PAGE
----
Bill C-14 was the government's response to the Supreme Court of Canada's unanimous Carter decision. That ruling said that medial assistance in dying should be available to competent, consenting adults with "a grievous and irremediable medical condition that causes enduring suffering that is intolerable to the individual." Yet Bill C-14 callously restricted access to those whose natural deaths are "reasonably foreseeable."
Now, a new e-petition is calling on the federal government to remove that restriction.Read more
Update (Oct 7, 2016): See below for our letter in today's edition of The Province.
The front page story of The Province today covered Byron Wood's human rights complaint over being forced to attend Alcoholics Anonymous over secular alternatives.
Wood told The Province:
If I questioned the 12-step philosophy or tried to discuss scientific explanations and treatments for addiction, I was labelled as ‘in denial’. I was told to admit that I am powerless, and to submit to a higher power. It was unhelpful and humiliating.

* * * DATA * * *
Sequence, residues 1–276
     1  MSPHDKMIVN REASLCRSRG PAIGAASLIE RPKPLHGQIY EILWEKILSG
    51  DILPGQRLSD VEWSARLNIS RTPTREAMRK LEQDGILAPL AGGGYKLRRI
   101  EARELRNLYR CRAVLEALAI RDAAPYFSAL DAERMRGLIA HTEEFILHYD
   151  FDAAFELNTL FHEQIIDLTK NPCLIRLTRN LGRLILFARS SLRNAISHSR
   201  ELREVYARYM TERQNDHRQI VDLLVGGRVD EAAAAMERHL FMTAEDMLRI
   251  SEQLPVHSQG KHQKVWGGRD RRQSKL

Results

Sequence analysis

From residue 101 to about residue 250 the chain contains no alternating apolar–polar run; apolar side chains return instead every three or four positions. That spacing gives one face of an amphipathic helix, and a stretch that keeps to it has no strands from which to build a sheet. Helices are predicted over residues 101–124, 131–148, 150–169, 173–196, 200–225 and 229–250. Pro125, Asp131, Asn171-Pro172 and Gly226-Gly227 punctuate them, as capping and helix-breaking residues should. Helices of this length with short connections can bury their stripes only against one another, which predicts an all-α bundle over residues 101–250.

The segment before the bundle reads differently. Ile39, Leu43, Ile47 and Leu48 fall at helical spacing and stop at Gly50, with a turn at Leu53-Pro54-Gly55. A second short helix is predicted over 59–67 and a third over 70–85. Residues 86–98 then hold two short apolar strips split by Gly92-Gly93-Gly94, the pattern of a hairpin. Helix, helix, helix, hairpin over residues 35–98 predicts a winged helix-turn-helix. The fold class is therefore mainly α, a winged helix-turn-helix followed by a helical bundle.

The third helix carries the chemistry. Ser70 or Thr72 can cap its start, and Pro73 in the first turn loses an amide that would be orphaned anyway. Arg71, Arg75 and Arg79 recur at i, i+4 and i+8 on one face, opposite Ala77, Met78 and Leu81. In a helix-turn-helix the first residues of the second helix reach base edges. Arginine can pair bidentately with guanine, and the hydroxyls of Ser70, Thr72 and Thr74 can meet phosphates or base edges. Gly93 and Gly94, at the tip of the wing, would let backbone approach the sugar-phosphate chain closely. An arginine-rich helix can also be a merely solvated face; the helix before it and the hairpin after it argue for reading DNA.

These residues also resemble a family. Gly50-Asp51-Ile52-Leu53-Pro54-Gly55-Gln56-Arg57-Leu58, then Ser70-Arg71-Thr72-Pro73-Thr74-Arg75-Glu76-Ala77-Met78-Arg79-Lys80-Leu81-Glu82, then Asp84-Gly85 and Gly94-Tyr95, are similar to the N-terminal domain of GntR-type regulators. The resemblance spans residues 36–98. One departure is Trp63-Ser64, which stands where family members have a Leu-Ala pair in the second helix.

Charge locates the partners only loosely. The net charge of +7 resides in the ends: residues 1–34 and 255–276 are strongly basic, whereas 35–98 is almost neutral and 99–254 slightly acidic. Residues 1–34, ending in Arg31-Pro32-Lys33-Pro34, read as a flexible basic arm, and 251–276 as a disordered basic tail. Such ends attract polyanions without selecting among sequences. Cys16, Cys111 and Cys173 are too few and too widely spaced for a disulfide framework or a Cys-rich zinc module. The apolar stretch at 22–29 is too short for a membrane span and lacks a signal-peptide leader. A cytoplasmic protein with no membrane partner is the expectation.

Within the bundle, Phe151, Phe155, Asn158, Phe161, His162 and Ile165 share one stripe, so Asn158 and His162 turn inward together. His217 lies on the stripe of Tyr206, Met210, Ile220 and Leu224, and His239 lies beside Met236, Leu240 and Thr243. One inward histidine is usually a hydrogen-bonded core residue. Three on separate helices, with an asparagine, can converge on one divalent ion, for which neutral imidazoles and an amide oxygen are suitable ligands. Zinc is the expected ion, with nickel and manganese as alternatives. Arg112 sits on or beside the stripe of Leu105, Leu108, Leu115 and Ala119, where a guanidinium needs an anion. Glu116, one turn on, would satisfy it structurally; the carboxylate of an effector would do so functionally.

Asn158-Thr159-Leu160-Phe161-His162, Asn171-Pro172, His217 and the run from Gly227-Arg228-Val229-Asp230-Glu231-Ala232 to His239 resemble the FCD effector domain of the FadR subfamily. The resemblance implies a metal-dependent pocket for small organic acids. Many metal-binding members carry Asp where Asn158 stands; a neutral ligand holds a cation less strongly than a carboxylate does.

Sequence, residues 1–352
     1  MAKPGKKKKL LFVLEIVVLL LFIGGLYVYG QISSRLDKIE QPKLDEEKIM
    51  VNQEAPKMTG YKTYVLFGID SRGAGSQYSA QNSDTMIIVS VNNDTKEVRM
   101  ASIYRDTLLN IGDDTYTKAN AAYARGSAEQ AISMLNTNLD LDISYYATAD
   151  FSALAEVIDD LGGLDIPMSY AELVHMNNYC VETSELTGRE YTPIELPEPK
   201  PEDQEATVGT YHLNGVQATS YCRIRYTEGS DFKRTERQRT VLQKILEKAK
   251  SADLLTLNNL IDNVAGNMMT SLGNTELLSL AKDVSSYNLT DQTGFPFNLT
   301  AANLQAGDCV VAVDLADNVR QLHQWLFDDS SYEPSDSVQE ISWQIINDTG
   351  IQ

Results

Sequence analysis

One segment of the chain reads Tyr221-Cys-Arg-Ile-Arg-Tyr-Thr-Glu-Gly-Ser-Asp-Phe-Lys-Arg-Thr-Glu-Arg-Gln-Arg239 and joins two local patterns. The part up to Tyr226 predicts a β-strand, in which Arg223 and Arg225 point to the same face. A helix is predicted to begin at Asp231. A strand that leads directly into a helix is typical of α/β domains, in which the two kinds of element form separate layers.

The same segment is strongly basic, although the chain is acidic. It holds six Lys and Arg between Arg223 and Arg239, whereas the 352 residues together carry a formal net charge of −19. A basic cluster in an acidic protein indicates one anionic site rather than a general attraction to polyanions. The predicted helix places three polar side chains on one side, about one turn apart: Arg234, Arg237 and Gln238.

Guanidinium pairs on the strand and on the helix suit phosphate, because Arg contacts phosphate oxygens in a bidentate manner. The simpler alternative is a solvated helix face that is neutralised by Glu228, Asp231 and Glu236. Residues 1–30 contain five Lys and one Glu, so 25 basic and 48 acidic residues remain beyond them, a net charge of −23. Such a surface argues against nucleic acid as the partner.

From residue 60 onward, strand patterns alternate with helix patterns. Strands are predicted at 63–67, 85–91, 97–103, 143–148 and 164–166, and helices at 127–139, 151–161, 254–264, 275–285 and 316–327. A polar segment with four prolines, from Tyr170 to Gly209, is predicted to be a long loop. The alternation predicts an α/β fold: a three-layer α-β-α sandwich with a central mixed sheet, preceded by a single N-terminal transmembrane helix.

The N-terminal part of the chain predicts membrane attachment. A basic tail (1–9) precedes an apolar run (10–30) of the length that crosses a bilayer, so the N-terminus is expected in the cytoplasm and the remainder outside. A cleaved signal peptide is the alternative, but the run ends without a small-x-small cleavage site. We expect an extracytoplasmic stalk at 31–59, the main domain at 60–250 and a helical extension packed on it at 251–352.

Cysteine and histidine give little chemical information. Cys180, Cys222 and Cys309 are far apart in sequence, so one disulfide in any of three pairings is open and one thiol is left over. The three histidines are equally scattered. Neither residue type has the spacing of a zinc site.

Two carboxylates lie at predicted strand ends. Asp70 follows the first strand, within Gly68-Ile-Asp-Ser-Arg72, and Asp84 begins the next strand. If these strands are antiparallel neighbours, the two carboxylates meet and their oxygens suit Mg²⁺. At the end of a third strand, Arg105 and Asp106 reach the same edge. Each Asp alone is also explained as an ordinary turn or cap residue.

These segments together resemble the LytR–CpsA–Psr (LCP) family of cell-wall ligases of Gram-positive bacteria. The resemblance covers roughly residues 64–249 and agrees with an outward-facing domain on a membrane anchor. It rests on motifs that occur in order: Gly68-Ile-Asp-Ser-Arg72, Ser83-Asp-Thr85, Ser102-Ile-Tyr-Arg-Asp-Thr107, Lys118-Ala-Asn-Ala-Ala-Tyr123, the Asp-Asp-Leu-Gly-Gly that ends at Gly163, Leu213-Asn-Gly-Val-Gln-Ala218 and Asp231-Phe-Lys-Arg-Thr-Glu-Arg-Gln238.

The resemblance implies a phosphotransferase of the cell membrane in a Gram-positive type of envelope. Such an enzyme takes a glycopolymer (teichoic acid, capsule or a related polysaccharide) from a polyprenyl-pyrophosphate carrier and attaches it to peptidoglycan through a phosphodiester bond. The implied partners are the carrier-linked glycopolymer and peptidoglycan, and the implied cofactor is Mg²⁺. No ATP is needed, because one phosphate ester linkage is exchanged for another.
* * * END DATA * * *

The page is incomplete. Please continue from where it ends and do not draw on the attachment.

There was a mentality among staff that addiction is a moral failing in need of salvation. We were encouraged to pray.
At its council meeting yesterday, the City of Victoria agreed 3-2 to proclaim September 30, 2016 as International Blasphemy Rights Day.
The BC Humanist Association requested the proclamation as part of its support for freedom of expression; however, the council did amend the proclamation to remove a section challenging the constitutionality of the Criminal Code prohibition on blasphemous libel.
Ian Bushfield, Executive Director, BC Humanist Association:
Nearly every week, from around the world we hear about another person sentenced to jail or even death for writing or saying something that someone considers blasphemous. Proclamations, like this one from the City of Victoria, are an invaluable way to send a message that Canadians are willing to stand behind the right to freedom of speech and the council should be commended for their courage. However, the fact that councillors had to debate this proclamation goes to show just how controversial free speech can be.